By Ryan C. Wood
Bankruptcy courts allow you to strip your junior mortgages in a Chapter 13 bankruptcy case if your creditor is holding a claim that has no value. See In re Zimmer, 313 F.3d 1220 (9th Cir. 2002). An example is if your house is worth $300,000. Your first mortgage is $400,000 and your second mortgage is $100,000. You can strip your second mortgage in a Chapter 13 bankruptcy case in this scenario. What happens if that is the only reason why you are filing for bankruptcy? You do not reorganize a car loan and do not have significant credit debts to discharge. Would it be considered bad faith to file a Chapter 13 case if you do not have any other debts to discharge? The Ninth Circuit Bankruptcy Appellate Panel answered this question in Meyer v. Lepe (In re: Lepe), Bankruptcy Case Number: 10-60264 (May 9, 2012).
In Meyer v. Lepe, Lepe filed his Chapter 13 bankruptcy case to strip the second mortgage on his house. He only had $549 worth of unsecured debt in addition to the unsecured debt from his second mortgage. The Chapter 13 Trustee objected and said that filing a bankruptcy case when the sole purpose is to strip the second mortgage is considered to be lacking in good faith. The Trustee argued that Lepe was balance sheet solvent and detailed mistakes in Lepe’s bankruptcy petition. The Bankruptcy Court attributed the mistakes to Lepe’s bankruptcy lawyers inadvertence rather than lack of good faith. The Ninth Circuit Bankruptcy Appellate Panel disagreed with the Trustee’s arguments and said that one must look to the totality of the circumstances when looking to see if a plan is filed in good faith. Each case should be looked at on a case-by-case basis. There are many different factors to look at and not one single factor should be looked at in isolation even if one of the factors indicates bad faith. All of the circumstances need to be looked at as a whole. The court also indicated that it is not considered bad faith if you are proposing a Chapter 13 plan that is using what is available to you in the Bankruptcy Code.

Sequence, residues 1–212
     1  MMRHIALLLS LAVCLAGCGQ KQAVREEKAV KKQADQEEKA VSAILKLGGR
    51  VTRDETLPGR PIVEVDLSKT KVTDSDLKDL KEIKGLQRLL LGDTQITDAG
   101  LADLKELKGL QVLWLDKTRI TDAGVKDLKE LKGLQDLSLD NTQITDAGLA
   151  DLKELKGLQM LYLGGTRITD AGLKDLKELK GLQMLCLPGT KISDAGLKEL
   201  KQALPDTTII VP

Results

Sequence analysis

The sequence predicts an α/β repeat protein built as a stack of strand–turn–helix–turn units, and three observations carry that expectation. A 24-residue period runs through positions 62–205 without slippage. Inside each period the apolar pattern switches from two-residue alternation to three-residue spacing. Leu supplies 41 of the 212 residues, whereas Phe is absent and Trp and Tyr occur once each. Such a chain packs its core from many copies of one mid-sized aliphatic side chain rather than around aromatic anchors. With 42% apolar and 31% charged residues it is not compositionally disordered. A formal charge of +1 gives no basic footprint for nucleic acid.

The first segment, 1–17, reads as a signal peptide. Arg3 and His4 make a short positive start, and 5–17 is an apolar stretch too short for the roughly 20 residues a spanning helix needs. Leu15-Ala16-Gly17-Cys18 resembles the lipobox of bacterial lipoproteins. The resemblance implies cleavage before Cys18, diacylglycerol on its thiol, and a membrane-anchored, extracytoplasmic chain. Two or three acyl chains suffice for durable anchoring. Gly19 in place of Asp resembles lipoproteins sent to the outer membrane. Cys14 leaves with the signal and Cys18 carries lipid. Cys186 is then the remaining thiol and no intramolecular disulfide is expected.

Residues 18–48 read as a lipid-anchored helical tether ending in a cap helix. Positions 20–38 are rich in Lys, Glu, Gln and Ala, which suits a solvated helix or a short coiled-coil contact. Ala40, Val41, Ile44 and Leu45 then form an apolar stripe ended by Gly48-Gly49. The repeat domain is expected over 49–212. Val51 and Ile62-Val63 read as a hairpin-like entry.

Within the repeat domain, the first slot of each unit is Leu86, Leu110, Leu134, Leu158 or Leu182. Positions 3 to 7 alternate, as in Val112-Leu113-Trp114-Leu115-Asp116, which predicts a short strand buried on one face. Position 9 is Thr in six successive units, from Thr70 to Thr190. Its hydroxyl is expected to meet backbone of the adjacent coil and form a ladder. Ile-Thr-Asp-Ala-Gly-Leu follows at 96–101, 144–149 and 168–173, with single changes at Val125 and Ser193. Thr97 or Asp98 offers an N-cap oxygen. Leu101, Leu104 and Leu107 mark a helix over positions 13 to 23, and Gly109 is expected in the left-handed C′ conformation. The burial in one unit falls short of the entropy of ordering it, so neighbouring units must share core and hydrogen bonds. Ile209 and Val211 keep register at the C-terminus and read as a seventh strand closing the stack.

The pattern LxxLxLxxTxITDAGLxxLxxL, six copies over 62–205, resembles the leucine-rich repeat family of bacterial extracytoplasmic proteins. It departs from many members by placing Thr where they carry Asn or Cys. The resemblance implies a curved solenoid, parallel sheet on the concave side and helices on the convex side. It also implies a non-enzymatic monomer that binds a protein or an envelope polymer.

So even if you are filing for bankruptcy protection to strip a second mortgage and you have no other significant unsecured debts it is possible to have your Chapter 13 bankruptcy plan confirmed. The courts will look at your case to see if you are sincere in seeking Chapter 13 bankruptcy relief, to see if you lied in your petition about any of your assets or debts, your ability to pay into a Chapter 13 plan based on your income and expenses, and other factors. If you are seeking to have your second mortgage stripped in a Chapter 13 plan it is advisable to seek the advice of a bankruptcy attorney in your jurisdiction.